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by Kilian Melloy
Monday Jul 16, 2018
Andrea Goldman and Jeremiah Kissel in 'Cyrano,' continuing through Aug. 11 at Gloucester Stage Company
Andrea Goldman and Jeremiah Kissel in 'Cyrano,' continuing through Aug. 11 at Gloucester Stage Company  (Source:Gary Ng)

Jason O'Conell and Brenda Withers refresh (thought they don't exactly reinvent) the classic 1897 play "Cyrano de Bergerac," penned by Edmond Rostand.

"Cyrano," running through Aug. 11 at the Gloucester Stage Company, follows the plot and characterizations of the original play, but takes some real delight in contemporizing the dialogue and adding in some knowingly anachronistic flourishes. Under direction of Robert Walsh - a longtime Actors' Shakespeare project stalwart - this New England premiere production also incorporates some of ASP's signature techniques, particularly in terms of lighting and staging. Then there's the use of a small cast: Five actors portray all the play's roles, a challenge that opens the door to some winking comedy even as it underscores the technical prowess of the cast, and Walsh's direction handles the demands of portraying so many characters with so few people both ably and comfortably.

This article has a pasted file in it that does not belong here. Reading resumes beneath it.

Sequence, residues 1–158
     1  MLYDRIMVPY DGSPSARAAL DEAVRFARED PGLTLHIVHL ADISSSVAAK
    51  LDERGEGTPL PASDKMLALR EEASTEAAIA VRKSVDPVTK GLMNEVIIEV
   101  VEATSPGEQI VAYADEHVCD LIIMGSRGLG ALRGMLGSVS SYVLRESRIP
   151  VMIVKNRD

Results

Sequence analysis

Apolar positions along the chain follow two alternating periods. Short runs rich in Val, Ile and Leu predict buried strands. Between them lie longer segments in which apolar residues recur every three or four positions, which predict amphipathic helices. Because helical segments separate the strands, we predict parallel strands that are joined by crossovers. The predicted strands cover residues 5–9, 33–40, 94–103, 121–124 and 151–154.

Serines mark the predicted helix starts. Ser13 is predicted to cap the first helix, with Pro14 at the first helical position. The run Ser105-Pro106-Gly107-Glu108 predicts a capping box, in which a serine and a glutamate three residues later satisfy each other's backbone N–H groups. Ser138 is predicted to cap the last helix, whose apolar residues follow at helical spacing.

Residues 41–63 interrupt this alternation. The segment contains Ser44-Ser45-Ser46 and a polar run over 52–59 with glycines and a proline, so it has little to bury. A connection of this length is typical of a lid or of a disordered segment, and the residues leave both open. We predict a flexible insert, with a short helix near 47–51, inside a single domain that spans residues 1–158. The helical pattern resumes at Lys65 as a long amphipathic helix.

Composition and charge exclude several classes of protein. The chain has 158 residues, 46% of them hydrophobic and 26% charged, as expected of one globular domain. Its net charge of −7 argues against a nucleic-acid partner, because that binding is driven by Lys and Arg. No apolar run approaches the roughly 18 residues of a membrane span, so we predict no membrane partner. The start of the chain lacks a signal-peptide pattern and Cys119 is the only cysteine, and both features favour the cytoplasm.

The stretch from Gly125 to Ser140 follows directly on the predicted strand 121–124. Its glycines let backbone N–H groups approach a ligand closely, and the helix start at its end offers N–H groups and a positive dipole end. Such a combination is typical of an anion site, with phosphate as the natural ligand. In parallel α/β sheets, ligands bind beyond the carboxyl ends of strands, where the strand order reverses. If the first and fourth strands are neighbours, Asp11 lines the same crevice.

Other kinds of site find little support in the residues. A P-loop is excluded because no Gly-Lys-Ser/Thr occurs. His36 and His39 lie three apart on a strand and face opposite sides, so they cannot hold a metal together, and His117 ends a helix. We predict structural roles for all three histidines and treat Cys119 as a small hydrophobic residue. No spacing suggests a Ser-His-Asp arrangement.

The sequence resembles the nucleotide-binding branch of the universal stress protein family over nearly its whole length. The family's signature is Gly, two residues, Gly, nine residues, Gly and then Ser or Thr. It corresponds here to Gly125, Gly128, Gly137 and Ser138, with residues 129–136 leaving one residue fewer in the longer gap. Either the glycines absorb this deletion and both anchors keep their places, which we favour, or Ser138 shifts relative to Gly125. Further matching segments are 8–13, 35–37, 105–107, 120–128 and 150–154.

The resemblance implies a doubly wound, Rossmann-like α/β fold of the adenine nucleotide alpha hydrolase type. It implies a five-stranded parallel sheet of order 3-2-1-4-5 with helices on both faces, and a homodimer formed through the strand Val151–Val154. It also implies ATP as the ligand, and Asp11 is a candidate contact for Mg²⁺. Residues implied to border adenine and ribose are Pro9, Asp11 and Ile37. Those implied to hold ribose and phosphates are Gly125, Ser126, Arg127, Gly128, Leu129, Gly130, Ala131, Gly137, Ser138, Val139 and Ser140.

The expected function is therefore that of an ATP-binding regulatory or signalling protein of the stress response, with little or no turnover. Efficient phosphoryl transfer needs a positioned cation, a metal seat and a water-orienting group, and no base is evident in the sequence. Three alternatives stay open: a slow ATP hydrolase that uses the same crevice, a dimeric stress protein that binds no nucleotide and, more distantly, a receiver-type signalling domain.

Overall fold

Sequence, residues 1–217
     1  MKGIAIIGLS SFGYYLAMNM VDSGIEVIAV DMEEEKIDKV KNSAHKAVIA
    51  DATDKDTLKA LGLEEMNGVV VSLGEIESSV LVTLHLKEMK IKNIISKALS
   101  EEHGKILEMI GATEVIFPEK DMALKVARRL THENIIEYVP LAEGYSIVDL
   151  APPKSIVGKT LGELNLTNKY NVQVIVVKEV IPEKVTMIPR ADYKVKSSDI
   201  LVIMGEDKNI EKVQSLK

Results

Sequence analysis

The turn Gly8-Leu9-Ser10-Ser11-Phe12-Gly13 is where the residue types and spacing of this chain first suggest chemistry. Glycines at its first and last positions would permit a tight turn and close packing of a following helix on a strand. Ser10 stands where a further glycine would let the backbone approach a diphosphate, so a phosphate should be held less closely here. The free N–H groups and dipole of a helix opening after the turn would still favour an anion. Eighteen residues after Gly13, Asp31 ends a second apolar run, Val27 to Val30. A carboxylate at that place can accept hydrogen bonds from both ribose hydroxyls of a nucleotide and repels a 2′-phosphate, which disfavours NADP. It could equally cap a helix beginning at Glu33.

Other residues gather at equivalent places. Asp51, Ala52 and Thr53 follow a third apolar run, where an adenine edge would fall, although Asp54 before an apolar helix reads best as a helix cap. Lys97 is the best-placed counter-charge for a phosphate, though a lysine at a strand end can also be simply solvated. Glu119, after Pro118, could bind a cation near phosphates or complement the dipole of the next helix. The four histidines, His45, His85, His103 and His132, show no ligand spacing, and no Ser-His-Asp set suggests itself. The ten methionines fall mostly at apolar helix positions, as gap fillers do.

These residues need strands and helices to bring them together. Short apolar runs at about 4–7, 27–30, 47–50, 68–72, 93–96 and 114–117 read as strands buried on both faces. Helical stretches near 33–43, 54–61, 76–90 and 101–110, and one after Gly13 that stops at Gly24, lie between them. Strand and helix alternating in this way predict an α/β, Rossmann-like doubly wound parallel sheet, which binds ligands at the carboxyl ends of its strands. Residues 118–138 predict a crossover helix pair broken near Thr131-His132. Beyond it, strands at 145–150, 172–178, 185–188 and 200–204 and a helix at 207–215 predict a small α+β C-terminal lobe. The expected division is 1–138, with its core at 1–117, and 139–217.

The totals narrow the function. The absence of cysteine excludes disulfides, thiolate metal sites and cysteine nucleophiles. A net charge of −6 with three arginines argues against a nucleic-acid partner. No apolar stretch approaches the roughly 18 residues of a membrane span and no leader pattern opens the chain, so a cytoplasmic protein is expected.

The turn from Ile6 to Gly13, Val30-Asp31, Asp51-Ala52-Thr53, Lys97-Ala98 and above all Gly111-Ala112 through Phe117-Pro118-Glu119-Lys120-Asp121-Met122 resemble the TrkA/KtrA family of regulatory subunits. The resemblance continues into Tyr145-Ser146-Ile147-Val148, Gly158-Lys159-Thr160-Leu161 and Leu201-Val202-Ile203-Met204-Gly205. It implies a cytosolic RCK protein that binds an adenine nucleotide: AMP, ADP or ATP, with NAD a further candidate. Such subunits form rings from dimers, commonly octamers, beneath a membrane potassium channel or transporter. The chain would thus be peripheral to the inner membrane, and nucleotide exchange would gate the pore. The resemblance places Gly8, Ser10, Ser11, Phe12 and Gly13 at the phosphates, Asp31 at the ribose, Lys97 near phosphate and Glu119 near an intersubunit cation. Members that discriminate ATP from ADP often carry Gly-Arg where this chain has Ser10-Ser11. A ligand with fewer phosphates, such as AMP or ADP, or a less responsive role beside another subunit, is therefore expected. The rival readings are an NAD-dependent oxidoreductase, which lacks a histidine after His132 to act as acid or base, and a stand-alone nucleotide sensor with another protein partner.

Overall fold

The play starts off with a more or less literal bang, and things get a little meta - they also get a little classical, in terms of a story contrivance that introduces the entire cast in a configuration that is both a group pietĂ  and a presentiment of things to come, being echoed in a lovely, bookended close.

Paul Melendy and Jeremiah Kissel in 'Cyrano,' continuing through Aug. 11 at Gloucester Stage Company  (Source:Gary Ng)

Between times is the familiar story, but told in a whip-crack fashion, with the wry, ironic sensibilities of 21st century rubbing up against the classical romanticism of the classic play (love, war) and its inherently comic - though ultimately tragic - central device: The eloquent hero, Cyrano (Jeremiah Kissel, bringing a gracious stoicism to the role) is so insecure about his looks (he has a large, or at least ugly, nose) that even though he is smitten by Roxane (Andrea Goldman) he actively helps a rival, the shy young Christian (James Ricardo Milord) court her. It's Cyrano who lends his words - and sometimes his voice - to Christian's efforts at courtship.

Cyrano and Christian are both military men, and they are under the command of a foppish nobleman called DeGuiche (Paul Melendy) who, like just about everyone else, is entranced by Roxane's smarts and beauty. It's within DeGuiche's power to toy with Cyrano and Christian, and he does so, eventually sending them to the front in France's war with Spain. Hunger and danger don't quell Cyrano's quill, though; he writes a torrent of elegant love letters to Roxane.

The historical Cyrano de Bergerac was a celebrated and influential writer and, if various biographical sources are to be believed, led something of a dissolute life. His actual life - what's known and supposed about it, anyway - could be the basis for a more historically accurate play, but the themes of "Cyrano" have stood the test of time for good reason. It's all about judging a person for the content of his character rather than the size of his schnoz.